Humans are naturally curious explorers of their world, and all children have things that they are passionate about. If we ever want students to “own school”, we have to give them the power to control some aspects of it and pursue their interests. Students will never own the learning unless we let them make it theirs.

 

5 Ideal Traits of a PBL Teacher

This is the first post in a series where I flesh out why the ideal traits of a PBL teacher are important. Check out the links to the rest of the series below the post.

The past few years I have worked with many teachers introducing the components of Project-Based Learning (PBL) and helping them design their own projects. Sometimes it has been a teacher’s first attempt at PBL and other times it has been more of a fine tuning of something that they already do in their classroom. I see some teachers jump right in the deep end with complex, Gold Standard projects that they design themselves and others start more slowly with simpler projects.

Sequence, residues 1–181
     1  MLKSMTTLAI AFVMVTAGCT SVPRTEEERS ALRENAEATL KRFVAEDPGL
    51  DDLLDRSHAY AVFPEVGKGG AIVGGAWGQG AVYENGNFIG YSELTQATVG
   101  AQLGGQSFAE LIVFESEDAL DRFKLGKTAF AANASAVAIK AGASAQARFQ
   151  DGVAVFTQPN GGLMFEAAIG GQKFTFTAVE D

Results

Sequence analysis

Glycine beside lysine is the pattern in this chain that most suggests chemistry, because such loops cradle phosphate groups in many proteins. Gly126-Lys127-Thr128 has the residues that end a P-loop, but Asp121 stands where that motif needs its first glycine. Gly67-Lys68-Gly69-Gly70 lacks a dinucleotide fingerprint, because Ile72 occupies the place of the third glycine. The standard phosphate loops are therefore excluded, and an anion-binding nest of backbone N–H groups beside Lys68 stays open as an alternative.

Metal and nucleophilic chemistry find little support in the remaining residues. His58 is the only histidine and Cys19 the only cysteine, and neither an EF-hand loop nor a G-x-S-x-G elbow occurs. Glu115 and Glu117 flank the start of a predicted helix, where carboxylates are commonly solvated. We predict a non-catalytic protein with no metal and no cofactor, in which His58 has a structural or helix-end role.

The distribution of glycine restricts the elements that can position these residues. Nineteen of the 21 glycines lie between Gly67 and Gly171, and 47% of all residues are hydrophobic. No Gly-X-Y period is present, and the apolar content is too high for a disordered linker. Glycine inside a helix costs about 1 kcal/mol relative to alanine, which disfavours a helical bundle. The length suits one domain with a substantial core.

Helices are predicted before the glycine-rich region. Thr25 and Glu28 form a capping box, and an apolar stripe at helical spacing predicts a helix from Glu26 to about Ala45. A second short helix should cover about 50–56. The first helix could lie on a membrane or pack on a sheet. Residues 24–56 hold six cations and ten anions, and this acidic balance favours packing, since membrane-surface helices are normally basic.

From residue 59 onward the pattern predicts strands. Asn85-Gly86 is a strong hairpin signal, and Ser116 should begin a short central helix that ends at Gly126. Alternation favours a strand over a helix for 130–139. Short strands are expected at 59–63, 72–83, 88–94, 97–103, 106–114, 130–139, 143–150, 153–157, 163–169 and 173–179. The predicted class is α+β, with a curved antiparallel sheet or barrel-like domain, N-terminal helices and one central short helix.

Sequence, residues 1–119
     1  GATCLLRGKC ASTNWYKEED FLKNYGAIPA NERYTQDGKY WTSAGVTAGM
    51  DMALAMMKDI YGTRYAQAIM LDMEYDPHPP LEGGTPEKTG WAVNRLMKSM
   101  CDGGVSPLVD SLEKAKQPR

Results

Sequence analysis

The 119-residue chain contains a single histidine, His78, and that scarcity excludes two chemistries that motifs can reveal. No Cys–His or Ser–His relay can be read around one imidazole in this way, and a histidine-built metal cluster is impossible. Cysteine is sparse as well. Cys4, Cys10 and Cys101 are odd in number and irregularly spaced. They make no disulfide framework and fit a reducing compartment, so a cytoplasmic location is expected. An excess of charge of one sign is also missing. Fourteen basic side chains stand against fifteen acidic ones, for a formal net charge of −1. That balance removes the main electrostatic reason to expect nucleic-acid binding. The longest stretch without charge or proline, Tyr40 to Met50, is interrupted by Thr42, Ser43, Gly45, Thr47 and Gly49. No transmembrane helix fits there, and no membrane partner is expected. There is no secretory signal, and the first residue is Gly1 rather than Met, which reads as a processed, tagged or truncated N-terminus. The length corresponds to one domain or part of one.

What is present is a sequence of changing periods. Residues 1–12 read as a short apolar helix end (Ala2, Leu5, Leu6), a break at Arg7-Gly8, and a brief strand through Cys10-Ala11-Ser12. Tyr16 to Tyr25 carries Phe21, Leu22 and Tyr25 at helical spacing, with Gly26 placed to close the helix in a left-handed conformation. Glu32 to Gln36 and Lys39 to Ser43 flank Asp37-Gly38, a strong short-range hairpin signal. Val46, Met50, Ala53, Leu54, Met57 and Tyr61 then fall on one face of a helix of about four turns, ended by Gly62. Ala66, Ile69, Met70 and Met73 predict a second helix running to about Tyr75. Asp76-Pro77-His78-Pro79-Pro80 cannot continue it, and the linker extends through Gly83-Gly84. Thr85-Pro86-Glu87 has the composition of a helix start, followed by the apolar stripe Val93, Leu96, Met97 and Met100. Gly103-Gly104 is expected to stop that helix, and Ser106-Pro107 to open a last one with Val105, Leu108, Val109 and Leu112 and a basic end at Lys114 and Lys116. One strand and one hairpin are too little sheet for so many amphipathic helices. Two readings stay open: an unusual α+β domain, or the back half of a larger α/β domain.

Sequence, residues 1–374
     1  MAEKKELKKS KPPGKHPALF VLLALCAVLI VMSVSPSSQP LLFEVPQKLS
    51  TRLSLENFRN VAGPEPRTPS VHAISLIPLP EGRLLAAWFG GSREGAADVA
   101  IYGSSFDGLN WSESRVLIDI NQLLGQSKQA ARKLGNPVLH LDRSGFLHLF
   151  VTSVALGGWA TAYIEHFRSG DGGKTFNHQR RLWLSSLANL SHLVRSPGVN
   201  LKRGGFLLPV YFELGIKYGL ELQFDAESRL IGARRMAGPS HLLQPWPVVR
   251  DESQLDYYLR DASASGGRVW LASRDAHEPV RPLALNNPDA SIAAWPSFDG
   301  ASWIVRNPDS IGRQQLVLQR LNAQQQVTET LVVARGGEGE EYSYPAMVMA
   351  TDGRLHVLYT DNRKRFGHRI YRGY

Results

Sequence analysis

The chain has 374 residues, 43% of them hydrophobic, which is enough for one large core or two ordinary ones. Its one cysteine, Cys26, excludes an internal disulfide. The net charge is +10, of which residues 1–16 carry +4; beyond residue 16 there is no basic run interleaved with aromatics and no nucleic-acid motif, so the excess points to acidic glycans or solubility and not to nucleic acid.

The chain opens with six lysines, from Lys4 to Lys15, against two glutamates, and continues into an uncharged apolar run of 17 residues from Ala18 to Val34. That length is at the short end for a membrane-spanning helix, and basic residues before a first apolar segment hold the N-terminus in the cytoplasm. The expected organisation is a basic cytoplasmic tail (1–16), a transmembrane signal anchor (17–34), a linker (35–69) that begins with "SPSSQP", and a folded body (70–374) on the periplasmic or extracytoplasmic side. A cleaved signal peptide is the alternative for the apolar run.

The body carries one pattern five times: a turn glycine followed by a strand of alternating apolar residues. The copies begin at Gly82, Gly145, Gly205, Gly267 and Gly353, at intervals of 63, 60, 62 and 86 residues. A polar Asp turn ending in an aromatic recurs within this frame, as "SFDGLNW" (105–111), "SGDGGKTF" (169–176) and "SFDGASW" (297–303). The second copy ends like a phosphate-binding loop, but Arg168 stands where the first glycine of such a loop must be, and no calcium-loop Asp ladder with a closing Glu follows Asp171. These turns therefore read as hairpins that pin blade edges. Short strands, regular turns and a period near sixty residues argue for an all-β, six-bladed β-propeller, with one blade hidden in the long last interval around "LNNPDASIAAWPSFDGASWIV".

This post is by no means a judgement of the teachers who start PBL more gradually. Everyone needs to take their own pace with the switch to PBL so that they are comfortable and find success. (Note: Check out this great post on seeing PBL as a Dimmer Switch for more on “gradually releasing” to PBL).

If it’s not sustainable, what’s the point?

In working with the dive-right-in teacher type, here are 5 things that I have observed. Note, these traits are just predictors of an easier transition to teaching through project-based learning. Obviously there are exceptions, and other characteristics may be more or less useful depending on the specific context and application.